Radiological Case: Intrapancreatic accessory spleen; pancreatic glucagonoma

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CASE SUMMARIES

Case 1 was that of a 2 cm nodule fortuitously discovered by ultrasonography in the pancreatic tail of a 66-year-old man. The patient’s CA 19-9, CEA and Chromogranine A levels were all normal. Endoscopic ultrasonography confirmed the presence of the nodule in the pancreatic tail, but transgastric, fine-needle aspiration of the lesion could not establish a diagnosis.

Case 2 was that of a 42-year-old woman with a history of multiple endocrine neoplasia type 1 syndrome (with heterozygous mutation of exon 10 on the MENIN gene), who was referred for long-lasting symptomatic hypoglycemia. A fasting test failed to reveal concomitant elevated values of serum insulin or C-peptide.

IMAGING FINDINGS

With regard to the first case, computed tomography (CT) confirmed the presence of a 25 x 20 mm intrapancreatic nodule (Figure 1A, arrow). 111In octreotide scintigraphy showed increased uptake of the nodule (Figure 1B, arrow).

With regard to the second case, CT revealed 2 small nodules, one adjacent to the pancreatic tail (Figure 2A, arrow) and another in contact with the pancreatic body, anterior to the celiac artery (Figure 2B, arrow). 111In octreotide scintigraphy showed focal increased uptake only by the pancreatic body lesion (Figures 2C and 2D, arrow).

DIAGNOSES

Case 1, intrapancreatic accessory spleen; Case 2, pancreatic glucagonoma

DISCUSSION

Both patients underwent surgery for suspected neuroendocrine tumors, the first for a suspected non-secreting neuroendocrine tumor and the second for a suspected insulinoma of the pancreatic body. In patient 1, the presence of a nodule in the pancreatic tail was confirmed at laparotomy. Thus, a left pancreatectomy with spleen preservation was performed. Macroscopic examination of the specimen revealed a 2.0 x 1.5 cm well-delimited, intrapancreatic lesion. Histological analysis concluded that the lesion was an intrapancreatic accessory spleen. No pancreatic neuroendocrine tumor was found in the specimen.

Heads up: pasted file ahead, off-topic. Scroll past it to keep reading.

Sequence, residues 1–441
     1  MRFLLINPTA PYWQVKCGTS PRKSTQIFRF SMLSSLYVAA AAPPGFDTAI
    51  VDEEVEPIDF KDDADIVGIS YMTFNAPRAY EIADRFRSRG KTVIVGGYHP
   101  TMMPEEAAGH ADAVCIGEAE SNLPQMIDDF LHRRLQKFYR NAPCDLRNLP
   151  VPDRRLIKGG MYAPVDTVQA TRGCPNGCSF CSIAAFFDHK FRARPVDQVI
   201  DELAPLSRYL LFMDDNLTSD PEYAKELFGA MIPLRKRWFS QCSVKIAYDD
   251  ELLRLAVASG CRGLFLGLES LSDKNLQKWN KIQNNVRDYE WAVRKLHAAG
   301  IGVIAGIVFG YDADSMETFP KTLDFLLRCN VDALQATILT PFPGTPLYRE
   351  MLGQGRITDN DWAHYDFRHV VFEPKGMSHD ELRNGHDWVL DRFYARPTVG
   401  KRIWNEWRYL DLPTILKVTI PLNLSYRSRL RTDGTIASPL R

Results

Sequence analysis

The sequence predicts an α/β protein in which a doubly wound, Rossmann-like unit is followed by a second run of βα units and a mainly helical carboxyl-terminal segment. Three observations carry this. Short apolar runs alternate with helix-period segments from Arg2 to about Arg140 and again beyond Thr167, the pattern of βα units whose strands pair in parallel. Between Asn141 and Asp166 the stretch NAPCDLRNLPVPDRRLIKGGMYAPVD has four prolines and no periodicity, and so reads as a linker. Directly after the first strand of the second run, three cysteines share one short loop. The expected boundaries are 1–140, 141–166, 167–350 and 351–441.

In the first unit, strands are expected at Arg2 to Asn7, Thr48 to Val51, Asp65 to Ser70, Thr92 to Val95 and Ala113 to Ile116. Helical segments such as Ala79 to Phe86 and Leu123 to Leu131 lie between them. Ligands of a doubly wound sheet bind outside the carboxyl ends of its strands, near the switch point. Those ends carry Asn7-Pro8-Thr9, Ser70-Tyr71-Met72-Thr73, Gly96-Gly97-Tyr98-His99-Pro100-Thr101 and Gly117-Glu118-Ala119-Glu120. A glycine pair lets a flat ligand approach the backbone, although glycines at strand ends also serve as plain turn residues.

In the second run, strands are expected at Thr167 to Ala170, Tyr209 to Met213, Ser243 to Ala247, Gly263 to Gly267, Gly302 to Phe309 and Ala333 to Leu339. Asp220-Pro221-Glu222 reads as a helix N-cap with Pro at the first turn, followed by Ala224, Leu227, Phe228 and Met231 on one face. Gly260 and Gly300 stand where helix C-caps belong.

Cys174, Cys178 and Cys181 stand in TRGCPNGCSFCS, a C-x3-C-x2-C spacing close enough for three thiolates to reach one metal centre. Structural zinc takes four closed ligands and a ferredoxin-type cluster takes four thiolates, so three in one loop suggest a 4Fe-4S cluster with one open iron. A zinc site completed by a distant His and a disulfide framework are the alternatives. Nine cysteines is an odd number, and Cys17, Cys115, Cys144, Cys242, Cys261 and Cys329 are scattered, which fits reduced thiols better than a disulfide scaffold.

In patient 2, two small nodules juxtaposed to the upper margin of the pancreas were enucleated. Macroscopic evaluation revealed 1.4 × 1.5 × 1.0 cm and 1.2 × 1.0 × 1.0 cm well-delineated nodules. Frozen-section examination was positive for neuroendocrine tumors. Later immunohistochemical stainings showed expression of synaptophysin and chromogranine A, but these were negative for insulin and positive for glucagon. Postoperative persistence of hypoglycemia led to the realization of 68Ga-DOTATOC positron emission tomography (PET), which revealed focal increased uptake of the lesion in the pancreatic tail. 99mTc-labeled denatured erythrocytes single photon emission computed tomography ruled out the diagnosis of accessory spleen. Patient 2 underwent a second surgery for a left pancreatectomy with spleen preservation. The nodule was determined to be an insulinoma on histological analysis. Three additional glucagonomas with sizes ranging from 0.7 to 1.0 cm were found in the specimen. Postoperative course was favorable with definitive remission of hypoglycemia.